The gist of this announcement is as follows:
The Mozart Discovery. Hitherto the small portrait on a tobacco box came with a huge question mark. Now it is certain: it shows a portrait if the composer Wolfgang Amadeus Mozart! In the course of a thorough study of all the documents and sources this portrait could definitely be identified as a Mozart portrait from 1783. The miniature shows a striking resemblance to the 1829 engraving by the Dresden engraver Gottschick, wh with this engraving refers to a miniature by Grassi. The portrait on the box could well be a work by Grassi, because Mozart and the painter met each other in Vienna.Here is the page in the book about the exhibition that deals with the supposed Mozart miniature:
What we read here, quickly takes us down from the spheres of "sensationally new discoveries" to the low grounds of only too well-known dull speculation. The "certainty" that the press release has been bragging about is gone and the shadow of "we don't really know anything for sure" is lying heavily on the the portrait's supposed authenticity:
Joseph Maria[sic!] Grassi (1757-1838)?[sic!] [...] The miniature shows a striking resemblance to the 1829 engraving by the Dresden engraver Gottschick who refers to a 1785 miniature by Grassi. The portrait on the box could[sic!] well be a 1783 work by Grassi or done from a 1783 model, when Mozart and the painter met each other in Vienna. Possibly[sic!] the object is identical with the "box lid that was done not long after his death, probably based on speculation" as the widow [Constanze Mozart] put it in 1800. It is conceivable[sic!] that there were several Grassi miniatures of this portrait which looks unfamiliar to us today.Thus the whole "sensation" simply boils down to the following:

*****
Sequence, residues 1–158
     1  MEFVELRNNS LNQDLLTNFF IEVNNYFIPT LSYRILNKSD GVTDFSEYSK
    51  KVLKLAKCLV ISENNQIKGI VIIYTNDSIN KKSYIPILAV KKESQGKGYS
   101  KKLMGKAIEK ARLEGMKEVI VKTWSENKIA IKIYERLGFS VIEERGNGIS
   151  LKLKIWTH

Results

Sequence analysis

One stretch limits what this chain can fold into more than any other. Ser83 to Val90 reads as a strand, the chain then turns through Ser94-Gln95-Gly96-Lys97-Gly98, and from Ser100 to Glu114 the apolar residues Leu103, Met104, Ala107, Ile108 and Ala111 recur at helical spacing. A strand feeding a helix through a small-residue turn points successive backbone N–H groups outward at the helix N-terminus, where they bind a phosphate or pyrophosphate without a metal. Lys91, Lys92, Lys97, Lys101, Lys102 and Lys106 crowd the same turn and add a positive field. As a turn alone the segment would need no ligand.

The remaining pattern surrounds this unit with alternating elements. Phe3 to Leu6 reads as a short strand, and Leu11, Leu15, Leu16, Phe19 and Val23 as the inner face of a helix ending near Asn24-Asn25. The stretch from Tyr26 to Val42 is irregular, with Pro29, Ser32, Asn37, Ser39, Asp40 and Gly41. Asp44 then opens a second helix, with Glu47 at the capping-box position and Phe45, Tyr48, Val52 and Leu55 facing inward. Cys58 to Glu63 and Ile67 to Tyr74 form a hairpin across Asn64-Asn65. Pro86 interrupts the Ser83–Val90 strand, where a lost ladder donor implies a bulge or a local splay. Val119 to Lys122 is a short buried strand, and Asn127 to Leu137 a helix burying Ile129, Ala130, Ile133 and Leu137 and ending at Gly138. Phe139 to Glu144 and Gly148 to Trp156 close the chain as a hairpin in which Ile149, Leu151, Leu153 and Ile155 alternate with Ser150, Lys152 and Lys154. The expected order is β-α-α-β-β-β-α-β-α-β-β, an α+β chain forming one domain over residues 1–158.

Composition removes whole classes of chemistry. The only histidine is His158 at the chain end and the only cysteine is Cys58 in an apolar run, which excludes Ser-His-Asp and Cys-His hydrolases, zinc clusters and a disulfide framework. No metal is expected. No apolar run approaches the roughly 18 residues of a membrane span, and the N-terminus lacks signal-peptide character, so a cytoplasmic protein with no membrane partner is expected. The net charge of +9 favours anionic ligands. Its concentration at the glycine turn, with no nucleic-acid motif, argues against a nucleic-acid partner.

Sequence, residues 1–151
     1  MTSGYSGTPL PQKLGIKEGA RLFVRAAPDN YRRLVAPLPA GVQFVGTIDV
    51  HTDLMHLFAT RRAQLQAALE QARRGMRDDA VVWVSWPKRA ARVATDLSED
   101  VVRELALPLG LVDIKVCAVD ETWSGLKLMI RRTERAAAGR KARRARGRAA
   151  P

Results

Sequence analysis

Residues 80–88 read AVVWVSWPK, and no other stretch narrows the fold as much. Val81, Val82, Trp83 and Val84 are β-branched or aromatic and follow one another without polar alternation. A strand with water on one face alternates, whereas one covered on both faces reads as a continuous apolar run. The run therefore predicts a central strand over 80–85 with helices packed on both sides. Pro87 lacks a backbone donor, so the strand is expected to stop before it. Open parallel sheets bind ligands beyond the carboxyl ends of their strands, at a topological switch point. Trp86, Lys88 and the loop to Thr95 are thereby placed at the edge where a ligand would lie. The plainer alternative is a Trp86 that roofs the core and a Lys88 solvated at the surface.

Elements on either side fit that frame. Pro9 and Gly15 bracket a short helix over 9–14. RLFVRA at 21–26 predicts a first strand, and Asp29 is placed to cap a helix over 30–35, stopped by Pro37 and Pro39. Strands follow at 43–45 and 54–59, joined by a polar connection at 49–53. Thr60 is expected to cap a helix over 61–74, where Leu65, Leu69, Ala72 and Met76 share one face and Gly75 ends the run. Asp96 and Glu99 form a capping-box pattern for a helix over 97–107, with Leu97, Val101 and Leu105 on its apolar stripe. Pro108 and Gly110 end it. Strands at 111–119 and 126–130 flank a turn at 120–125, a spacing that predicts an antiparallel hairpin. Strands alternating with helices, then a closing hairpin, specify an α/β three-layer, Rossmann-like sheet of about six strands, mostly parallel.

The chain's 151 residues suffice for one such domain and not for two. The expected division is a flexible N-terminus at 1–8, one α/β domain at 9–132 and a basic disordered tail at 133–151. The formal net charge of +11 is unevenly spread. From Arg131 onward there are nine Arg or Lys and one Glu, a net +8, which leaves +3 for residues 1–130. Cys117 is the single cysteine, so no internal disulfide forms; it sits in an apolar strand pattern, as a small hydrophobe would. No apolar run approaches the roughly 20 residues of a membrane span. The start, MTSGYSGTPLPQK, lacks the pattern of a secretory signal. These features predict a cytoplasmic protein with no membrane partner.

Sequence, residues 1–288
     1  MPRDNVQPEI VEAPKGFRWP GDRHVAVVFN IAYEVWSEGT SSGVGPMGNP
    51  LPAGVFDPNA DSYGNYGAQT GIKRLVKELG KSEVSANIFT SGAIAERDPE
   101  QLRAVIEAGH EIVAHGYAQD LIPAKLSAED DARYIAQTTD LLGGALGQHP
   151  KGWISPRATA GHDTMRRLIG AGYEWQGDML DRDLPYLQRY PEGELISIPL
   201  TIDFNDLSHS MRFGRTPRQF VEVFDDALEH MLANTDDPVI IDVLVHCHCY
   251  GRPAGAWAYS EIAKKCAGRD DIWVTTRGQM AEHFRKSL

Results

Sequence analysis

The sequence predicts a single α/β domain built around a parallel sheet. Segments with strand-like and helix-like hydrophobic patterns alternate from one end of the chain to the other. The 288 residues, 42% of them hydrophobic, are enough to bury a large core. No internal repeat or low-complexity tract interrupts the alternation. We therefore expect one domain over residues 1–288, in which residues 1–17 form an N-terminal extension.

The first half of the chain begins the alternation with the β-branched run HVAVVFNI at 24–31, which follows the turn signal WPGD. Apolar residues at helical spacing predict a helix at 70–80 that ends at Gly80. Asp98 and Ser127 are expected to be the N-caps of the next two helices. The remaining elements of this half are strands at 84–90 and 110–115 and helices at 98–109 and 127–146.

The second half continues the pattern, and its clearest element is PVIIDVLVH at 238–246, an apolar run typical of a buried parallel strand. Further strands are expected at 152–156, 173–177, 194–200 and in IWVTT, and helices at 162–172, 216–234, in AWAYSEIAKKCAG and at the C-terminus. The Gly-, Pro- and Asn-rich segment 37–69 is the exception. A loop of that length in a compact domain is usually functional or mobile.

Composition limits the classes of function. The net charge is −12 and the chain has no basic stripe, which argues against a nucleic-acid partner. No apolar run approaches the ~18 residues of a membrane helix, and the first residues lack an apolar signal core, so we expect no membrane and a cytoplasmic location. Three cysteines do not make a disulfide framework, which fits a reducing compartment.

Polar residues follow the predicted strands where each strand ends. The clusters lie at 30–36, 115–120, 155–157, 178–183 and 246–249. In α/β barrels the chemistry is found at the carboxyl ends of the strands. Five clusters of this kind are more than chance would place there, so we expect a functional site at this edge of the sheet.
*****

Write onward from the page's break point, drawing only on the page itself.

- There is no proof that this miniature was intended to show Mozart.
- There is no proof that it was done from life.
- The miniature is being attributed to Joseph Grassi in the book based only on a handwritten[!] note on a copy of Gottschick's 1829 engraving. This note has no provable connection to Gottschick, who (for reasons not difficult to imagine) did not put this attribution on his engraving, but only wrote "Nach einem Miniaturgemälde 1785, gestochen von Gottschick 1829".
- From a purely technical point of view this portrait is starkly at odds with Grassi's work and does not fit into the corpus of his oeuvre. Dr. Großpietsch seems to have delved very lightly into Grassi's life, since he does not even know the painter's correct forenames and erroneously calls him "Joseph Maria" (whereas his name was Joseph Mathias).
- The dating of the portrait with the appearance of Grassi's name in a Mozart letter is totally arbitrary. There is no provable connection between Mozart and Grassi, apart from the fact that at a ball in 1783 both of them took part in a pantomime.